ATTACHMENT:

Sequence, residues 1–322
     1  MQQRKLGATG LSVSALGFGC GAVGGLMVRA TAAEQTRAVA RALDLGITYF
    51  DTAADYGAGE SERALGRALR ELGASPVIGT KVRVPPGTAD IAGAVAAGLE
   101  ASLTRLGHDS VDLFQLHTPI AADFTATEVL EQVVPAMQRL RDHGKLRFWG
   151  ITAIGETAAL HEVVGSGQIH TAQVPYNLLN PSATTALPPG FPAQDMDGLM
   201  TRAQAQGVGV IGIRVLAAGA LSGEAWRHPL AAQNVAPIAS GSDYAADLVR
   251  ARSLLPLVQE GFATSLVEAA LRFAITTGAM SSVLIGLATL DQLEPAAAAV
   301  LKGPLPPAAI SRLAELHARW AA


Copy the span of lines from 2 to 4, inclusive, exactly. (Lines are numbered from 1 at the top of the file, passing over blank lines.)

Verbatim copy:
     1  MQQRKLGATG LSVSALGFGC GAVGGLMVRA TAAEQTRAVA RALDLGITYF
    51  DTAADYGAGE SERALGRALR ELGASPVIGT KVRVPPGTAD IAGAVAAGLE
   101  ASLTRLGHDS VDLFQLHTPI AADFTATEVL EQVVPAMQRL RDHGKLRFWG